American donors may qualify for a US charitable estate tax deduction even if assets are left to a non-US charity provided that the charity has purposes which are charitable in the US. As a result, many non-US charities are finding themselves receiving legacies from US estates. To the surprise of these charities, however, the executor may look for evidence that the charity meets the US estate tax requirements, and then threaten to impose a 30% withholding tax unless the charity certifies that it is eligible for a reduced rate of income tax withholding under the US Internal Revenue Code (‘the Code’) or a relevant tax treaty. Of course, a legacy should not be subject to income tax, and this is strictly not the correct procedure but since the tests are similar it provides a convenient way to satisfy the broader test for qualification as a charity for estate tax purposes.
A non-US charity can evidence that it is the equivalent of a US charity if it obtains US tax-exempt status by applying to the IRS for a determination letter or by obtaining a legal opinion certifying that the charity’s purposes are those which are considered charitable in the US. Both options will reduce or eliminate any US tax, however obtaining US tax-exempt status by receiving a determination letter from the IRS can be a time consuming and costly process, and may subject the non-US charity to annual IRS reporting requirements.
A less timely and more straightforward approach is for the non-US charity to obtain an opinion from a qualified practitioner confirming that the charity’s purposes are those which are considered charitable in the US. A non-US charity may obtain an opinion after a qualified practitioner conducts a review of the charity’s governing documents, financial accounts and activities for the last four tax years. The charity will then be asked to complete an affidavit setting out sufficient facts concerning its operations and its sources of support. The affidavit will also confirm that the charity’s activities are consistent with purposes which are considered charitable in the US, namely that the organisation is organised and operated exclusively for charitable purposes, that none of its earnings may inure to any private shareholder or individual, that it does not attempt to influence legislation as a substantial part of its activities and it does not participate in any campaign activity for or against political candidates.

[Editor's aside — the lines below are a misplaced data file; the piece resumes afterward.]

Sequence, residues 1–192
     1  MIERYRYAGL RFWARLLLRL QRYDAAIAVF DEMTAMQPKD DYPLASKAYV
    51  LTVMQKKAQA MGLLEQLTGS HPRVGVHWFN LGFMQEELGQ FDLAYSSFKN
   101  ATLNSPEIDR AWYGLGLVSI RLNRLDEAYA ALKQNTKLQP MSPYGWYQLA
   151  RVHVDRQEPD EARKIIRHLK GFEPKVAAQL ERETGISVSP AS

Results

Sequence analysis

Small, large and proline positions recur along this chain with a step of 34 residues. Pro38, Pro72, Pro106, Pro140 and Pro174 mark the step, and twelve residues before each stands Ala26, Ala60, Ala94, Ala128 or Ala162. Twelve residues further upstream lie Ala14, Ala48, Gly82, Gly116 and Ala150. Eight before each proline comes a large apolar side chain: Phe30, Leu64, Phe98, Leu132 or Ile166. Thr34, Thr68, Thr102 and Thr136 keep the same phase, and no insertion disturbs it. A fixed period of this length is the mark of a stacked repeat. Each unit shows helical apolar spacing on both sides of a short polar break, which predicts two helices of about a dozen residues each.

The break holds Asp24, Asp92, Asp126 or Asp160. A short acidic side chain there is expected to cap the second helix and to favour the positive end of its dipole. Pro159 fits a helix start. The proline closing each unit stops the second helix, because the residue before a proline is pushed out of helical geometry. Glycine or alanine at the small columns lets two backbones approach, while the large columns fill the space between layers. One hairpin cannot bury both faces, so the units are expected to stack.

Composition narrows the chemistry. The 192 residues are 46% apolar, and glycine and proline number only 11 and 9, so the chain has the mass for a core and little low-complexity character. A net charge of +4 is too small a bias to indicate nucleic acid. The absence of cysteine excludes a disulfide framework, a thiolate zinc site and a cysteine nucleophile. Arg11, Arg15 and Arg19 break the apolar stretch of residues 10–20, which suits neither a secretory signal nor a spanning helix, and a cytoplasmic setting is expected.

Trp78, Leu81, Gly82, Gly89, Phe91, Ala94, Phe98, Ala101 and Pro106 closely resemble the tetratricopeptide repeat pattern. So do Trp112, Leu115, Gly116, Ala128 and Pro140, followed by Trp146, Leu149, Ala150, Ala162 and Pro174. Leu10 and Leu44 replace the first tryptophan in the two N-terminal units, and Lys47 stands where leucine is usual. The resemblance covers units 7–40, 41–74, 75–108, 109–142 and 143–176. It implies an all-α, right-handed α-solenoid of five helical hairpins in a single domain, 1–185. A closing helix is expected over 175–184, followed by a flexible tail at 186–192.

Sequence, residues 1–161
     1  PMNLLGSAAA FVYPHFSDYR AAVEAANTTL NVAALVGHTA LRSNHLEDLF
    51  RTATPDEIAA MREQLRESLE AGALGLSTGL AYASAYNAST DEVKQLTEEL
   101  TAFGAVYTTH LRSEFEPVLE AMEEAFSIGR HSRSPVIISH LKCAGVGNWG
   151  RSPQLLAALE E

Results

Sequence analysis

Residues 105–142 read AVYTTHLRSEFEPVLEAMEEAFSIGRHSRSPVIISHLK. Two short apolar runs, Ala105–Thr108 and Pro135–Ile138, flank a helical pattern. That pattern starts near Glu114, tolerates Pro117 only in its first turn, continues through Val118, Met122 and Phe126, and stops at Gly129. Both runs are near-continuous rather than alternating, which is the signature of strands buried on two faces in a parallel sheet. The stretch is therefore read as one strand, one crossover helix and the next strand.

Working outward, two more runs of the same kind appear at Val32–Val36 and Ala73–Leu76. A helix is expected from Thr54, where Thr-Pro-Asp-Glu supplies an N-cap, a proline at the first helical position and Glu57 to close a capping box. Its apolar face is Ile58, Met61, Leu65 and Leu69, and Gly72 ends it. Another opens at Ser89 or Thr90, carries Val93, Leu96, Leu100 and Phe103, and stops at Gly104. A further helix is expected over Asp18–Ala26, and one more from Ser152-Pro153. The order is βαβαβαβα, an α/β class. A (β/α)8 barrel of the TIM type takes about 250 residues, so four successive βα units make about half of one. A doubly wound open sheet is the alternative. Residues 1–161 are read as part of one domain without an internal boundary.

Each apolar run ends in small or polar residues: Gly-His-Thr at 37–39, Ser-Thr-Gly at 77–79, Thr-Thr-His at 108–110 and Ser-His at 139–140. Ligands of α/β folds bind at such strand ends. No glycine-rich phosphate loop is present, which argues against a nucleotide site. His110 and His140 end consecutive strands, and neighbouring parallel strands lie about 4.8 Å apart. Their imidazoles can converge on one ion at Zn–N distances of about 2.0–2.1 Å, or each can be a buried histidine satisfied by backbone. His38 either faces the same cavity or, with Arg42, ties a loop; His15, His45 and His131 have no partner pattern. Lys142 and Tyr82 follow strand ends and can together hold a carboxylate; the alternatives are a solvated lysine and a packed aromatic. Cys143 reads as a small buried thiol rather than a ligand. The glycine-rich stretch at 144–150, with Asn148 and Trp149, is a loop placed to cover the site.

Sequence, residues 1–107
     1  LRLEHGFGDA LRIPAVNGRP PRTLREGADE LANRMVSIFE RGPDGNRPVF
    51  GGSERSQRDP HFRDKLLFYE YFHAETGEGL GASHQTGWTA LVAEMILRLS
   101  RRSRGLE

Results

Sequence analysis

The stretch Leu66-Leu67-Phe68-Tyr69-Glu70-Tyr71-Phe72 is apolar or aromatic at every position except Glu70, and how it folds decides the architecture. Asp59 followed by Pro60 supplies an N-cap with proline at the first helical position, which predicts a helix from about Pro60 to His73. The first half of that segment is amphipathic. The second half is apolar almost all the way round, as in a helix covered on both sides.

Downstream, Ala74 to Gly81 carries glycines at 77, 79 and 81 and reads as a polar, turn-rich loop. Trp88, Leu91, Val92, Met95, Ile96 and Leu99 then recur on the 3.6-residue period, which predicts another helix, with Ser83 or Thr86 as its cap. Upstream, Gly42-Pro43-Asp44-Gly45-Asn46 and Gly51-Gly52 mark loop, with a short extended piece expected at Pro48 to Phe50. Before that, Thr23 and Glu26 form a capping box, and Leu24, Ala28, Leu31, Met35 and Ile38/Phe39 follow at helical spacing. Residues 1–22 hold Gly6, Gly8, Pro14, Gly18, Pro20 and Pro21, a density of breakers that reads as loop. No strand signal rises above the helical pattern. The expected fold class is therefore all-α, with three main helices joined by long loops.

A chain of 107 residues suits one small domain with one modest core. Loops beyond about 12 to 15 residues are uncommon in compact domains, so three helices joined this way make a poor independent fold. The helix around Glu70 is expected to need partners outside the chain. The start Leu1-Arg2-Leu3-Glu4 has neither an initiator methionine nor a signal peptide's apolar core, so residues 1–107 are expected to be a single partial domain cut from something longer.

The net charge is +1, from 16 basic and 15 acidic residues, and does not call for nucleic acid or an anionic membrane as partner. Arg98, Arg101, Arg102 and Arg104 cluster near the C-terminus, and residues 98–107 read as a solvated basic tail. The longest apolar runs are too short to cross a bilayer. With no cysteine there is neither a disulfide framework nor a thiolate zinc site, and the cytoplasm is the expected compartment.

Based on this review and the charity’s affidavit, a qualified practitioner will be able to issue an opinion letter confirming that the charity is the equivalent of a US public charity or a US private foundation. The letter must be provided to the withholding agent and attached to a Form W8EXP, Certificate of Foreign Government or Other Foreign Organization for United States Tax Withholding and Reporting.
The W-8EXP can be used for withholding on multiple types of US investments and for a charity with an investment portfolio there should be an immediate increase in investment return based on the reduction in withholding. It can also be used in practice as a certification method for the receipt of legacies. It should also be useful in satisfying potential donors that a legacy to the charity will in fact qualify the estate for an estate tax deduction.